Jersey City Police Detective Joseph Seals was shot and killed on Tuesday when he tried to stop two armed suspects.

As part of the Jersey City Police Department’s Cease Fire Unit, the 40-year-old Seals had helped to confiscate dozens of guns from criminals. Seals was a 15-year veteran of the police force and had been promoted to detective two years ago.

Pat Colligan, president of the New Jersey State Police Benevolent Association, said Seals will not be forgotten — and the trauma from the day will not soon be allayed.

“A little piece of us dies when a brother or sister officer dies,” he said Tuesday evening. “This officer had five young children under the age of 18. It tears your heart out, this isn’t what anybody expects."

Colligan said law enforcement officers are trained to react to violent shootouts but what unfolded in Jersey City was shocking and disturbing.

After shooting Seals near a cemetery, the armed men fled in a U-Haul truck and ended up in a kosher market, where they opened fire and killed three civilians, officials said Tuesday. Two other officers also were injured in the hail of bullets that rang through the neighborhood. Next door was a Jewish school and across the street a Catholic elementary school.

Also injured were officers Ray Sanchez, Farinella Fernandez and Joe Kerik, the son of NYPD Commissioner Bernard Kerik.

Jersey City Mayor Steven Fulop and police leaders lauded officers for rushing into danger.

"That’s not something everybody does every day," Colligan said. "It has a profound effect, even on officers with 10, 20 even 30 years on the job. This isn’t a routine call.”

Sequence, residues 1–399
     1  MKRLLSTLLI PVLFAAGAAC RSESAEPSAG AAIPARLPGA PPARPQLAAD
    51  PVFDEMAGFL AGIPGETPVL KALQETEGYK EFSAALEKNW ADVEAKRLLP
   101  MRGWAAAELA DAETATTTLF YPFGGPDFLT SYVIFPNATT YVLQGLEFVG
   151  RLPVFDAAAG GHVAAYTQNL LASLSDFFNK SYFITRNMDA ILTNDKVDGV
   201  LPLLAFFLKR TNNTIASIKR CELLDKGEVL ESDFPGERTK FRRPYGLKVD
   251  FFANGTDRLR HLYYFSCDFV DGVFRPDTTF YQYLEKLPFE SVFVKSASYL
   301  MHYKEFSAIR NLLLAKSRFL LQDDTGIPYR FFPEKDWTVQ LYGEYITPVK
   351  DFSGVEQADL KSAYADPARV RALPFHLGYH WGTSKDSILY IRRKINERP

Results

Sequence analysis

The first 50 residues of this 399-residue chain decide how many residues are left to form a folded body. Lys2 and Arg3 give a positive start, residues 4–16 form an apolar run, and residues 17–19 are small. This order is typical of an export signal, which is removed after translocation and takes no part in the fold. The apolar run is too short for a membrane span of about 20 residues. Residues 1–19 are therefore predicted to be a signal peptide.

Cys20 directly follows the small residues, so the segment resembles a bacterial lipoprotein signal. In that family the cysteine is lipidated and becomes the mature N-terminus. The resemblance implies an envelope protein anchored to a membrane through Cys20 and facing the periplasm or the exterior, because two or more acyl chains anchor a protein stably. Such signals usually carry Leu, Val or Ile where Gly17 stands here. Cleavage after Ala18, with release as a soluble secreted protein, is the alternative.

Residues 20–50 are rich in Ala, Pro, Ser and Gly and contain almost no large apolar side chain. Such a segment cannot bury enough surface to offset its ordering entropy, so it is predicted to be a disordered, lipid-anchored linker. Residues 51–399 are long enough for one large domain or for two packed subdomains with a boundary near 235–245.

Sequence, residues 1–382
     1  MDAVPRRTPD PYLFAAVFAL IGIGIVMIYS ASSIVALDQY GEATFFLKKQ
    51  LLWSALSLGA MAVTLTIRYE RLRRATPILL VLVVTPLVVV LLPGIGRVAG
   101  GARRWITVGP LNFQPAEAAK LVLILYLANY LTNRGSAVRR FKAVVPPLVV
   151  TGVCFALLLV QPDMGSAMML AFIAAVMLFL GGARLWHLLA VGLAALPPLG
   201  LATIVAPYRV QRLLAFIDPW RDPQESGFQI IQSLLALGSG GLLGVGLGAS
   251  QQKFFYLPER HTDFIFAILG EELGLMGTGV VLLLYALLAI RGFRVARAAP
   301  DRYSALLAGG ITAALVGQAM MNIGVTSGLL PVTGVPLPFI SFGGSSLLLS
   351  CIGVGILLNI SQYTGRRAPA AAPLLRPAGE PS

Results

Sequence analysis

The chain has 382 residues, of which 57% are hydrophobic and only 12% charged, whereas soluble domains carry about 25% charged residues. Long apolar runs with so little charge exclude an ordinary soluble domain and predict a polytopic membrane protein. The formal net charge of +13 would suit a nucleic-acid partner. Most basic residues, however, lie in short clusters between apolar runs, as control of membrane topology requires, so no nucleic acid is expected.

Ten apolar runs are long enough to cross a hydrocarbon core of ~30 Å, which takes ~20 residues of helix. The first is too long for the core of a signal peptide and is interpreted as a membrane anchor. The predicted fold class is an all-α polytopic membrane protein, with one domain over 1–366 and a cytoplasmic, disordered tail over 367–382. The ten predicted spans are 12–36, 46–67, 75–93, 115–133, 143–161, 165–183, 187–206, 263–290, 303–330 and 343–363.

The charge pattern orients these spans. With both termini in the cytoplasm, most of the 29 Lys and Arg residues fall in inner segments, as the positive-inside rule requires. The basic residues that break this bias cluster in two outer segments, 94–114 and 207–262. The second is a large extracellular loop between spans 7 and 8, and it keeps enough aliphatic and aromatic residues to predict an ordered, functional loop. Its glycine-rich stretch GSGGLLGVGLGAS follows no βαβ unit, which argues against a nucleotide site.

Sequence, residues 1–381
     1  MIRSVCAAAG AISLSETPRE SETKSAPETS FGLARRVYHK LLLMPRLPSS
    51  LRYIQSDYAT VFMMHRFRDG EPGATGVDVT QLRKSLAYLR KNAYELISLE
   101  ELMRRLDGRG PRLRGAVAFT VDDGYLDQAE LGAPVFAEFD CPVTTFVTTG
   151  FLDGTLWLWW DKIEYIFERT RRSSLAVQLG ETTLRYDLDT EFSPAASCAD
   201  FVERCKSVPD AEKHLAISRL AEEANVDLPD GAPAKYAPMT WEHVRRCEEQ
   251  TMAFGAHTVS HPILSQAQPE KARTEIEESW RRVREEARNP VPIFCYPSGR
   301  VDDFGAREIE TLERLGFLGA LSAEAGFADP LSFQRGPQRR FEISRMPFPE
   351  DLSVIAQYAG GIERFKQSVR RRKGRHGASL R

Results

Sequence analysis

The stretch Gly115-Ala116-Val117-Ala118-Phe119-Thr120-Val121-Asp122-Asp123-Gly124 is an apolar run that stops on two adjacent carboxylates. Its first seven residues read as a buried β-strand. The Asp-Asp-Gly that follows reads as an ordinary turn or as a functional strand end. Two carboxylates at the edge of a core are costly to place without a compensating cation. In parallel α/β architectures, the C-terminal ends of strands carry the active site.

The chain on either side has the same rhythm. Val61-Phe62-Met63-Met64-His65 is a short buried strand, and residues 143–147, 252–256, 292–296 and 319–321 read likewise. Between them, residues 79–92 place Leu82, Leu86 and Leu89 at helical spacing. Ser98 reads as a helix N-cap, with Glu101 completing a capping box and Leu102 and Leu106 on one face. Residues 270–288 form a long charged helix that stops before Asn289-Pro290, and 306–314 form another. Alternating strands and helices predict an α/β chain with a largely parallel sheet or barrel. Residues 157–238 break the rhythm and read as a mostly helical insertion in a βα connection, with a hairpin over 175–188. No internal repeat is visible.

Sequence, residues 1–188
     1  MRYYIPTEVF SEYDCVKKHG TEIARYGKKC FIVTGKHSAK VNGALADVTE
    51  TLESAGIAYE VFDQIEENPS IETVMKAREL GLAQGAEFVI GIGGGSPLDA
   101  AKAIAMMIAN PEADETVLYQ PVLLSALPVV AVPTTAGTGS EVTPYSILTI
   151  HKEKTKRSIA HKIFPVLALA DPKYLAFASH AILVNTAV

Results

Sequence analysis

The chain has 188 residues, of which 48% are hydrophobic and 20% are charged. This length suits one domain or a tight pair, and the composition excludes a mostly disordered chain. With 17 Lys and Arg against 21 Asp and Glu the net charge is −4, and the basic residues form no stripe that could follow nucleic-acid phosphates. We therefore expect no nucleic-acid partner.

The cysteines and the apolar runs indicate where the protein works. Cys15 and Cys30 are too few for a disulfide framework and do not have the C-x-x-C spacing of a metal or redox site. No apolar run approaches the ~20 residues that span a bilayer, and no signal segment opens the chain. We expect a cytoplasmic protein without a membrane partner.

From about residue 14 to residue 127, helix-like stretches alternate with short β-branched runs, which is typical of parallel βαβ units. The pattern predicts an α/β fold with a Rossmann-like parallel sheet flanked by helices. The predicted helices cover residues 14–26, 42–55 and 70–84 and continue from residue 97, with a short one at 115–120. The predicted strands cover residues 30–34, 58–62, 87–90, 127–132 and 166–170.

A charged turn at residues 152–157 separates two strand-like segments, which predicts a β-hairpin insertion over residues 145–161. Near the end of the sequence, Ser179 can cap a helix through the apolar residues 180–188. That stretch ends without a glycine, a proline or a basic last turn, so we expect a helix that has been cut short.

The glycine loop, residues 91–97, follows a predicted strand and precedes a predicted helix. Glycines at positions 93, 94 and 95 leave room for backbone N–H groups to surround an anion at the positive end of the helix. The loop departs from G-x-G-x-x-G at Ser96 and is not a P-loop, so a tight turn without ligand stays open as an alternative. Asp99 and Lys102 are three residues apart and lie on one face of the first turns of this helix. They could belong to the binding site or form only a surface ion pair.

“The adrenaline rush is literally insane, and then you make sure the officer calms down and then take care of his mental being over the next few days. Everyone reacts differently.”

Shooting Jersey City
Shooting Jersey City

Colligan said experiencing this kind of a situation may stay with many officers for the rest of their lives and some require help processing what they’ve gone through.

“There aren’t many officers that survive a shooting like this and then just put the gun belt on the following day. This has a profound effect," he said.

“When we put on the badge and the gun in the morning, it’s not what you’re expecting to do. You know, it might be part of the job but you’re not going to work expecting to be in a shootout.”

Colligan said it’s important for all  NewJersey residents to remember cops have an extremely stressful job.

“Are there bad apples? There’s always bad apples but I haven’t met the officer that wasn’t dedicated and really wanted to go to work every day and make a difference in the community," he said.

“We are not the enemy. There’s nothing sexy about what we do. There’s nothing fun to watch about what we do. But we do it and hopefully we recover. Unfortunately, this officer won’t.”

You can contact reporter David Matthau at

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